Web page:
The Japan Times, December 26, 1998

Mystery stone circle found in Miami

Archaeologists debate Mayan origins of ancient site in Florida

MIAMI (Reuters) In the shadows of this modern city's gleaming towers, under the remains of a blighted apartment block, archaeologists digging through the rubble of centuries have uncovered a mysterious circle in stone.
The circle, formed of dozens of holes bored into the limestone bedrock with rudimentary tools, and located just a few steps from the mouth of the Miami River, is a startling window into Florida's pre-Columbian history, archaeologists say.
A cache of artifacts including shells, beads and pottery shards has persuaded some experts that the circle is likely the foundation of a Tequesta Indian building.
But another, more intriguing theory has been advanced: That the circle is a celestial calendar, perhaps made by a breakaway band of Mayans, the sophisticated Central American Indians who lived in the Yucatan, Belize and northern Guatemala.
"It looks like Stonehenge in negative. Instead of stones, holes," said T.L. Riggs, a surveyor who has studied Mayan culture.
"It has generated more questions than answers," said Bob Carr, an archaeologist and director of Miami-Dade County's Historic Preservation Division, heading the archaeological dig.
Historians expected to find Indian artifacts when bulldozers moved in to demolish the old Brickell Apartments for a new luxury tower. The patch of land at the mouth of the Miami River was widely known to have been a homestead and trading post for the Brickell family, early Miami settlers, in the 1870s.
The site is a stone's throw across the narrow river from a Hyatt hotel erected on the site of a Tequesta village. The native Indians inhabited the region when Ponce de Leon the Spanish explorer, landed in Florida in 1513 seeking the Fountain of Youth.
The Tequesta all but vanished due to war and disease following the arrival of the Europeans.
This summer, when the diggers scraped bedrock through a thick layer of landfill, they uncovered a series of manmade holes in the form of an arc. Riggs, the surveyor, extrapolated the arc, etching a circle on the ground where he expected the rest of it might lie under the dirt.
A backhoe dug along the outline and more holes emerged in the form of a perfect circle 11.5 meters in diameter.
The mysterious circle, amazingly, survived the construction of the Brickell Apartments unmarred. Work crews buried a septic tank in the middle of the circle without touching the holes. A sewer pipe sits beside the southern point.
"Nothing like this has ever been found in south Florida," said John Ricisak, a Miami-Dade historic preservation specialist.
Although both Ricisak and Carr believe the site is likely Tequesta, Ricisak said the celestial calendar theory would not be "as far out as it might seem."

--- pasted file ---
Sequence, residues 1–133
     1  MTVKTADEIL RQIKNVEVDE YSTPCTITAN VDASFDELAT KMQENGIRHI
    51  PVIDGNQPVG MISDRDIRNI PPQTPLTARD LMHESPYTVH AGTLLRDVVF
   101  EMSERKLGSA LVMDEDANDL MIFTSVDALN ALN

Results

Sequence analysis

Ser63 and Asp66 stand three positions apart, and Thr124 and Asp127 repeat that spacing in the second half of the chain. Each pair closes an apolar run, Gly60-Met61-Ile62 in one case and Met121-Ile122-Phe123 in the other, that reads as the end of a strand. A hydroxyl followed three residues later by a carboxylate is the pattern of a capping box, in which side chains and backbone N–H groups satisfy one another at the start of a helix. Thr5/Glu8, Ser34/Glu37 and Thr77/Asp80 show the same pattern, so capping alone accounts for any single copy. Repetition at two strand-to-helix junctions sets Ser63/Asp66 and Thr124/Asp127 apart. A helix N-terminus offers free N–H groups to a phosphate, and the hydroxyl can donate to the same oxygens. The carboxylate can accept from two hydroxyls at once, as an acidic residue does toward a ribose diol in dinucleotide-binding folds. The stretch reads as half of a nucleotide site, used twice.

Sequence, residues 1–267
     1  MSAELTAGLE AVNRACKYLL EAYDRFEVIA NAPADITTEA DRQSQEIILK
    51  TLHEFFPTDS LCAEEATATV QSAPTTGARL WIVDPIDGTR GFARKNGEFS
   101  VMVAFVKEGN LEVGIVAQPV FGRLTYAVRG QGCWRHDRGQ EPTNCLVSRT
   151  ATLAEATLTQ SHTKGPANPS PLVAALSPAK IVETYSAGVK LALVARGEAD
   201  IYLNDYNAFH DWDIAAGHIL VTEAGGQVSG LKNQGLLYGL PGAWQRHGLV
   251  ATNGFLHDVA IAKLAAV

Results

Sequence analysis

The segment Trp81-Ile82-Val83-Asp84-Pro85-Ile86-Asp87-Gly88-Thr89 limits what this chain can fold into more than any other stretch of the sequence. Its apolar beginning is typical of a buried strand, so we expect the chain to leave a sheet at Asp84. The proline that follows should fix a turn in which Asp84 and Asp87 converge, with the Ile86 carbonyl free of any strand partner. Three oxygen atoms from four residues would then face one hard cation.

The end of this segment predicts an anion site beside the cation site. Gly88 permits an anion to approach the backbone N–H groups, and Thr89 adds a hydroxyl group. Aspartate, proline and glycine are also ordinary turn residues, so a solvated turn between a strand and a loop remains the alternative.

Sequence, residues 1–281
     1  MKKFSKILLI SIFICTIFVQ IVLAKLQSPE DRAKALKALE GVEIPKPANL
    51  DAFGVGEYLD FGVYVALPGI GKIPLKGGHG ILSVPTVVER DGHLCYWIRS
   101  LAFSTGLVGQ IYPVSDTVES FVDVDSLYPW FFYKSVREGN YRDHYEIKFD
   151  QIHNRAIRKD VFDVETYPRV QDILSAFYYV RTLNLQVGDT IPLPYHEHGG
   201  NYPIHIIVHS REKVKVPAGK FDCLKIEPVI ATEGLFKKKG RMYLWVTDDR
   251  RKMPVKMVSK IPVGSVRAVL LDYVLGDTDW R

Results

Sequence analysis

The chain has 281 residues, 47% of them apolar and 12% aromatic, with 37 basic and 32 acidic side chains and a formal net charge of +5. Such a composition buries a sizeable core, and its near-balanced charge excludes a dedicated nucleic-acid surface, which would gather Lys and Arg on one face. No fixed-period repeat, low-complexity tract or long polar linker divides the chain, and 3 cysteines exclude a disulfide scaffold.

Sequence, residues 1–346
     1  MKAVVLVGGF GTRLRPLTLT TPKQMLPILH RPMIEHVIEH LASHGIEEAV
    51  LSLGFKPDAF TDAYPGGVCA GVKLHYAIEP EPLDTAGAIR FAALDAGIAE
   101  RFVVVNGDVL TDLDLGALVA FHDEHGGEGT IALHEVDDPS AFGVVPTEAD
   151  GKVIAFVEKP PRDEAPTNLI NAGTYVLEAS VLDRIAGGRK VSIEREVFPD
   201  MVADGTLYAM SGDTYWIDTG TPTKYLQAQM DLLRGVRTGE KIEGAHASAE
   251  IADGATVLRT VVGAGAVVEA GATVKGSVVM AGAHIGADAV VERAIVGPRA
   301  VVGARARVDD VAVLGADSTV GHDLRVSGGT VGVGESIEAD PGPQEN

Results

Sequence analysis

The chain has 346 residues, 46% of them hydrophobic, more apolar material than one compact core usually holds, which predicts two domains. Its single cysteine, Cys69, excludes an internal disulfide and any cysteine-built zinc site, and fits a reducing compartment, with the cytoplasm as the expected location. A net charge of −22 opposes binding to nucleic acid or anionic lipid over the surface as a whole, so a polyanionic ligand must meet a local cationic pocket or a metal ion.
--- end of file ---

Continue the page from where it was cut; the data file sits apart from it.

"It would not be unprecedented," he said. "In the Old World, for example, there was Stonehenge."
Riggs, who spent years living in Central America and studying the Maya, theorizes a group of Maya may have made their way to the U.S. mainland through the Florida Keys hundreds of years ago. Some of the holes in the circle were meticulously cut in the shapes of marine creatures like the manatee, turtle and dolphin, he said.
"This is unique in the world. I don't think anyone has ever discovered where glyphs have been carved into the ground," he said. "There will be a lot of doubters. This would be the first evidence of the Maya in Florida."
But Michael Coe, professor emeritus at Yale University and a leading expert on Mayan culture, downplayed the likelihood that the circle is Mayan.
"I think the chances against it are tremendous. There has never been any Mayan artifact found in Florida," Coe said. "The Maya really stayed put. They never got up into the United States. There is no hard evidence that they went to the (Caribbean) islands."
Researchers have a number of puzzles to solve, Ricisak said. Stones appear to have been carefully placed in the holes at the eastern, western and southern points of the circle.
Large quantities of flint and two ax heads fashioned from basalt were found at the site. Neither occurs naturally in south Florida and the two closest sources of basalt, a volcanic rock, are the Appalachian mountains of eastern North America or the the highlands of Guatemala, site of Maya settlements.
But Coe said the Maya did not use basalt. "They had much better stuff than that."
Carr, the county archaeologist, suspects that the circle may have been the foundation for posts that formed the structure of an "upper level elitist type (Tequesta) house, a chief perhaps."
"We know that they could create structures," he said.

"STONEHENGE IN NEGATIVE" is how one Florida archaeologist describes this ancient stone circle, which is 11.5 meters wide and carved into the bedrock, discovered at a construction site in downtown Miami. The aerial view of the site was photographed Tuesday. REUTERS PHOTO